By now, having left the chattering lunchtime crowds in the Wellcome’s café far behind, I was beginning to feel strangely disoriented, even uncomfortable. In observing the observers, I was becoming one of them, finding that nature comes draped in romantic myths as well as tagged with scientific labels. Over time, many zoos provided stories or famous animals that the crowds could identify with and take to their hearts, like the London Zoo’s Jumbo the Elephant, whose sale to Barnum’s Circus in 1882 roused a storm of protest. This kind of personal sympathy also prompted ideas of wilderness lands and lost innocence: when the Smithsonian taxidermist William Temple Hornaday traveled west to shoot bison for a new exhibit in 1886, the sight of the diminishing herds turned him into an early conservationist, founder of the Bronx Zoo. Yet to a Brit like myself, the myth of man as hunter, on the frontier plains, still seems oddly part of the American psyche. I laughed when I heard that Betsy DeVos, Trump’s new secretary of education, had suggested that Wyoming schoolteachers carry guns, in case a grizzly bear thundered into the classroom—but it’s not funny.
We can make animals into prey, or into art exhibits, as the modernist architects did at the London Zoo in the 1930s , displaying their outlines against stark architectural forms. We can tame them in books, films, children’s cartoons, shops full of teddy bears. But animals will always remain mysterious and unknowable—“potential grizzlies.” They can turn into figures of nightmare. As I looked at the illustrations of the ferocious, irrational orangutan engraved for Edgar Allen Poe’s The Murders in the Rue Morgue in 1870, I couldn’t help thinking of Moby Dick, King Kong, or the shark in Jaws. In “real life” we cannot get truly close, even if we live side by side.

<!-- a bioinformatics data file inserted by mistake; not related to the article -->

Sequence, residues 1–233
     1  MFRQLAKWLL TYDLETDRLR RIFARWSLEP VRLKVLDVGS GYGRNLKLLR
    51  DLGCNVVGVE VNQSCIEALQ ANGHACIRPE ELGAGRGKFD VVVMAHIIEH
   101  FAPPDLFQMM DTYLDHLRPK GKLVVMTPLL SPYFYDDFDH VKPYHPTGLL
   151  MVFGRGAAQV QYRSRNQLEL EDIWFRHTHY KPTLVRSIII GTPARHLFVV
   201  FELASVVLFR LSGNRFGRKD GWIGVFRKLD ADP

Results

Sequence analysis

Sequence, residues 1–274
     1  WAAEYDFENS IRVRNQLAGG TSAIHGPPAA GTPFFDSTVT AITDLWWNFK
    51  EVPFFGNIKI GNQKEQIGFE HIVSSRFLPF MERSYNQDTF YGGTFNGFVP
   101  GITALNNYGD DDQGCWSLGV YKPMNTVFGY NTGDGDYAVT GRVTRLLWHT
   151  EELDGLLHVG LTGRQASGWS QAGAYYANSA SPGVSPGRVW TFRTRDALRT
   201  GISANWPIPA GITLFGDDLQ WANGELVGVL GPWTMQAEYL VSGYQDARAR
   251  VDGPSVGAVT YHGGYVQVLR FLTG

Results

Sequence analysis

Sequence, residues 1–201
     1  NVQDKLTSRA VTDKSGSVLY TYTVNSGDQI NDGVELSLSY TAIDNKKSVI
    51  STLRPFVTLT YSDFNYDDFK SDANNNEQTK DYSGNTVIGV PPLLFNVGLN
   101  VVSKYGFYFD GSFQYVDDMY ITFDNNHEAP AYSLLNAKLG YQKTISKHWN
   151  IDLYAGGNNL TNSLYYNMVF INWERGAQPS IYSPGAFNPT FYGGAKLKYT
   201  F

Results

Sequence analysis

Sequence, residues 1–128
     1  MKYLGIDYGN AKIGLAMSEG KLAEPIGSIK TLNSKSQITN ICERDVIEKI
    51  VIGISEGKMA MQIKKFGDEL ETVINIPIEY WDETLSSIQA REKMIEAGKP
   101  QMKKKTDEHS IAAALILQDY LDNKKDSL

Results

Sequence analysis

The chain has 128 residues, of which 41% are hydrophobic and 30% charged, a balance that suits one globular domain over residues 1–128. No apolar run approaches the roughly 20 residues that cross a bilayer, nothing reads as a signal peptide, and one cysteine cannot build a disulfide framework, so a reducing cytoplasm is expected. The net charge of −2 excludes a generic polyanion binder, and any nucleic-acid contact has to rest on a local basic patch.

The most dramatic contemporary work in the show is Philip Warnell’s double-screen video installation Ming of Harlem: Twenty-One Stories in the Air (2016). This follows the story of Antoine Yates, who defied all the rules against pets in his high-rise apartment and installed a Bengal tiger called Ming , and a huge green alligator named Al. It was an impossible dream, Yates says, gesturing across the street: “This was the challenge, right there.” They lived together for years. When Yates went to the ER after a mauling in 2003, the police abseiled down the building and entered the apartment through the window, shooting Ming and Al with tranquilizer darts before carting them off to a zoo. In Warnell’s installation, on a huge screen, the tiger paces restlessly, growling at the walls, and the alligator waddles across the carpet, flicking its mighty tail. The beasts seem both brave and forlorn, beautiful and terrible, rightly dwarfing Yate’s comments on his experience and the scenes of daily life on the small screen beside them.
We humans constantly intervene in animal lives, making them part of our own history. The final room in this engrossing show focuses on the work of the Center for PostNatural History in Pittsburgh, which records such interventions. Here is the mosquito, genetically altered so that it can’t carry dengue fever. Here is the alcoholic lab rat from Finland, reared so that scientists can test a way for cure a national addiction. Here are budgerigars, small Australian parakeets, whose genes have been modified “to express a rainbow of different hues.” I found it strange, after being in their company, to come out onto the busy Euston Road among bustling human animals in their city clothes. I began to wonder just how we might be modifying ourselves.